Danyelle Small, 19, author of “Arthur’s Eden”

When it came to writing with dyslexia, Small said, “Once I was able to find a way to make it work with me, it was just a matter of enabling spell check, for the most part.”

Small, who is also an artist, designed the cover art for Arthur’s Eden, as well as illustrations throughout the book. The text on the cover, however, she does not take credit for.

“The cover text and the title were done by a friend of mine (Maggie Jenkins) who is excellent with calligraphy,” she said. “I guess that’s the one thing that dyslexia has on me; I still have horrible messy handwriting. But I asked her if she would be kind enough to do it for me.”

Jenkins was not the only member of Small’s team as she pursued her dream of becoming a published author. Danyelle’s father, Kevin Small, a former Clay city councilman, played a significant role in Arthur’s Eden moving from draft to published novel.

“My dad was a major driving force in getting it done,” Small said. “He spent a lot of time working with the program that Amazon provided. Basically, what I did was just write and illustrate some pictures; he’s the one that put it together nicely, in a readable fashion.”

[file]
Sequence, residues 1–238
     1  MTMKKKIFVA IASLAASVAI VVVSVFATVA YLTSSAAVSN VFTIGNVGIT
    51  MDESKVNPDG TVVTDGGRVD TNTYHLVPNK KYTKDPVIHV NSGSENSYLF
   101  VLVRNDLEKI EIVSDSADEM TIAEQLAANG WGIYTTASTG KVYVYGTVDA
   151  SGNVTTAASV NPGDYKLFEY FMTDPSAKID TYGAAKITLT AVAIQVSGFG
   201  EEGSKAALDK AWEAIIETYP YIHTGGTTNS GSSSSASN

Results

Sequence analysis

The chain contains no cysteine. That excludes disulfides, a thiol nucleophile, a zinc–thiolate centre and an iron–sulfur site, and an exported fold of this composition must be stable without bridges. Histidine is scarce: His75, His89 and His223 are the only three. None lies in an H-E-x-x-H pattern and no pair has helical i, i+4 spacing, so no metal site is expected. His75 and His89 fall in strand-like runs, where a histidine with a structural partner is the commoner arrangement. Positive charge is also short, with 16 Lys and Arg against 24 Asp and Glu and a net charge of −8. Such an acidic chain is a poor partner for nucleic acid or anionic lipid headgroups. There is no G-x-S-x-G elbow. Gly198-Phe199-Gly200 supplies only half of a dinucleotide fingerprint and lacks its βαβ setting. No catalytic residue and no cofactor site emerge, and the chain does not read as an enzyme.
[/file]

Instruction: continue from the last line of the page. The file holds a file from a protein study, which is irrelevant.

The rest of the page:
After much thought and consideration, Small chose to self-publish her series through Amazon.

“I originally was going to go with trying to find an agent, but the more I read about it and the more I read about how much control that a publishing company would have over my story and my series, overall, I decided that self-publishing was the way I wanted to go because I had such a strong sense of how I wanted my story to be told,” she said. “Amazon has a self-publishing resource that allows you to do both Kindle and physical copies of the book, and I decided that was my best option. I was able to keep my story the way I wanted it and was able to have a book I could hold in my hands, but also have it digitalized for whoever wanted to read it that way.”

“Arthur’s Eden” is now available for purchase on Amazon for $12.99 for a paperback, and $4.99 for a Kindle e-book.

Small said that she has planned a total of seven books for the series, and is nearly finished with the second book.

“I would love to get a new book out every three months,” she said. “For the majority of the series, the outline is done; it’s just a matter of revision and just getting down to minor details.”

As far as a takeaway message from her stories, Small said that she wants that to be left open to interpretation by the reader.

“For me, the story is very much about celebrating what makes you unique and being able to have hope in the face of adversity,” she said. “Realizing that the Remove featured imagethings that make you different are often the things you need to succeed.”

You can follow Danyelle Small on Instagram at lacuna_black_official, or email her at lacunablackwriter@gmail.com for more information.